Near the end of the exchange, Smith finally acknowledged the fact that the American public is opposed to the legislation: "if you sort of listen to the - all of the anger and anxiety out in the country, people say, okay, we do want some sort of health reform....At the same time, don't give us thousand page bills that are un-understandable by human beings on this earth." Spitzer brushed that aside: "the President needs to stand up and say here it is, we've got the votes, we're going to pass it....It can be done. It's going to be tough politically, but this is the moment of truth."

CBS began to aid in the rehabilitation of Eliot Spitzer in the fall of last year, when co-host Maggie Rodriguez interviewed him on the September 19 Early Show to discuss the one-year anniversary of the financial collapse: "President Obama will mark this anniversary with a speech here today on Wall Street. And former New York Governor Eliot Spitzer was known as the sheriff of Wall Street before he resigned after being caught in a sex scandal. And Mister Spitzer joins us for an exclusive interview on this anniversary."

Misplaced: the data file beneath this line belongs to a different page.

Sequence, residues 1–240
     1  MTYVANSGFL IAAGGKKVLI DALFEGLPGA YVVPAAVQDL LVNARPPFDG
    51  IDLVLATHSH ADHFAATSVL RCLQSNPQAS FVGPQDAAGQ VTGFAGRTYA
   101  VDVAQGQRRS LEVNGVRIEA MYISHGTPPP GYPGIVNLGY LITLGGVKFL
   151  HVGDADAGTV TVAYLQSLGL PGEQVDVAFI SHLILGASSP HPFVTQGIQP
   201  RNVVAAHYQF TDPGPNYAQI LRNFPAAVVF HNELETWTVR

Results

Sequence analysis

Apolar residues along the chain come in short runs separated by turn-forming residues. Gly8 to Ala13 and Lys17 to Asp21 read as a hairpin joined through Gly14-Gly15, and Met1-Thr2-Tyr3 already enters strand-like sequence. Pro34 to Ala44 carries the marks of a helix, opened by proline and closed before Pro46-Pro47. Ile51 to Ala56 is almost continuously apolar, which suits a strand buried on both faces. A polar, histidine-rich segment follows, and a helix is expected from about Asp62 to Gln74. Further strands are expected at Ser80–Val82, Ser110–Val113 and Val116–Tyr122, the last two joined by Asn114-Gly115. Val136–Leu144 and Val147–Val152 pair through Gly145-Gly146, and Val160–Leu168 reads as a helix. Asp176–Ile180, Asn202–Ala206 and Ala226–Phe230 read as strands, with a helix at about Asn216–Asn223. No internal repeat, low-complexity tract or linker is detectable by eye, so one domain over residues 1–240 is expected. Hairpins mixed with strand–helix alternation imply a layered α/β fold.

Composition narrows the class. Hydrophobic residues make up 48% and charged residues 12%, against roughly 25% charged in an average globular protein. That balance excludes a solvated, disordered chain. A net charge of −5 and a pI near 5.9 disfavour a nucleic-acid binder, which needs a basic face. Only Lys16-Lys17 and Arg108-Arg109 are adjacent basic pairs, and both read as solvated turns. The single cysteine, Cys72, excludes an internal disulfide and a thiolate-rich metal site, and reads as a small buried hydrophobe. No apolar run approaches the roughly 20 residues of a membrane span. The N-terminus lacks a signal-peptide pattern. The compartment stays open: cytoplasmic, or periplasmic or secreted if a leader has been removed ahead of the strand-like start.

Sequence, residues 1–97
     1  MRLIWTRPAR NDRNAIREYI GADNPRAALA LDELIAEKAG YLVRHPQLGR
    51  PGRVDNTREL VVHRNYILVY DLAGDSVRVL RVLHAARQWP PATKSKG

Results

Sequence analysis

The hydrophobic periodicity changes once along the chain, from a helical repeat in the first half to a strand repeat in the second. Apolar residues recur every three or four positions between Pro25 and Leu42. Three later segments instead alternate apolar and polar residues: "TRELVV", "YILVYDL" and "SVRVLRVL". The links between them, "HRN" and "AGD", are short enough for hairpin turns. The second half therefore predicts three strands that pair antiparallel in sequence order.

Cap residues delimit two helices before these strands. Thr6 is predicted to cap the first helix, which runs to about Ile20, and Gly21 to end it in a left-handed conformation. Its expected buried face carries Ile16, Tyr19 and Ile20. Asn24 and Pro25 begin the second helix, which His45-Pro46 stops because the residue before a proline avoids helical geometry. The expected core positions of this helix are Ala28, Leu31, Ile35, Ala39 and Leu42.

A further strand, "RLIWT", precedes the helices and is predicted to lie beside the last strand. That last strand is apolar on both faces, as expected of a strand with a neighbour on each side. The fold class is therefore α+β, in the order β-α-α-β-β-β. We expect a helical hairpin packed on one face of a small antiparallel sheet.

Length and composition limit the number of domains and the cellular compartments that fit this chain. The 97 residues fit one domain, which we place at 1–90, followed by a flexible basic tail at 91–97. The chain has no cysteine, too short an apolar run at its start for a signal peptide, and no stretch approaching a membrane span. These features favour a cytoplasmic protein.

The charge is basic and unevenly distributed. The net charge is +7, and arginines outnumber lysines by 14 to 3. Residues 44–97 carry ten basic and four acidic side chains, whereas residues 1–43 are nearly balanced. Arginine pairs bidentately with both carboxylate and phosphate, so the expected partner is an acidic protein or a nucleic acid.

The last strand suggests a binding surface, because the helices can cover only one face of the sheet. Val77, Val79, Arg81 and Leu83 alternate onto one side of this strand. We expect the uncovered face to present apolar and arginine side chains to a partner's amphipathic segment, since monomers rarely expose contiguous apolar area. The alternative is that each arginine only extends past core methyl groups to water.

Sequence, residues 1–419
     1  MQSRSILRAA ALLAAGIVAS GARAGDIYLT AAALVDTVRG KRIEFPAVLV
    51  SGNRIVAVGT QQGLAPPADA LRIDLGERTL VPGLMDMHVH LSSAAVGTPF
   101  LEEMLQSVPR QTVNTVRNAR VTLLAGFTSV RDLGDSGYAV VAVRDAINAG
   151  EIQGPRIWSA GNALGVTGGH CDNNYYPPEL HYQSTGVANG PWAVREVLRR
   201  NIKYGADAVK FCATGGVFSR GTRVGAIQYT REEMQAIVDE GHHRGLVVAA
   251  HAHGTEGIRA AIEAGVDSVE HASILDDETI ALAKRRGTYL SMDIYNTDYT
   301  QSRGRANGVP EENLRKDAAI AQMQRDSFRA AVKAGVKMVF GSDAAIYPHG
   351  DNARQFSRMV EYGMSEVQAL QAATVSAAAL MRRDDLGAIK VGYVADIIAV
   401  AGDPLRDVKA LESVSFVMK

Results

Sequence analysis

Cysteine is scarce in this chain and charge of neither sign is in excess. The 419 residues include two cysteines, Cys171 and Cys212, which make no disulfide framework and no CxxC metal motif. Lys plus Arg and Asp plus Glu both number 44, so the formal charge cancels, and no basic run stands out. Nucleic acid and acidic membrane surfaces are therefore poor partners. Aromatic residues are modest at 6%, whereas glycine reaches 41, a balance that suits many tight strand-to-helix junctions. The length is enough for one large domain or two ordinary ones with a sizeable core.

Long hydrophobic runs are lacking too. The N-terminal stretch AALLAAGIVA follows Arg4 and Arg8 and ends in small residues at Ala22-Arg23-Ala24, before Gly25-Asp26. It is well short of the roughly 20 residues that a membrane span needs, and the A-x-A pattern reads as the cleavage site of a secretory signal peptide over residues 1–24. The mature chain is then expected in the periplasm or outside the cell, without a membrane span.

In January 11 of this year, Smith brought Spitzer on again to lecture big banks on executive compensation, asking him: "Great Britain is talking about putting enormous taxation on this com - you know, compensation over a certain level. Would that be an answer?" Spitzer replied: "It is a short-term answer. What we really need to do is redefine what banks do."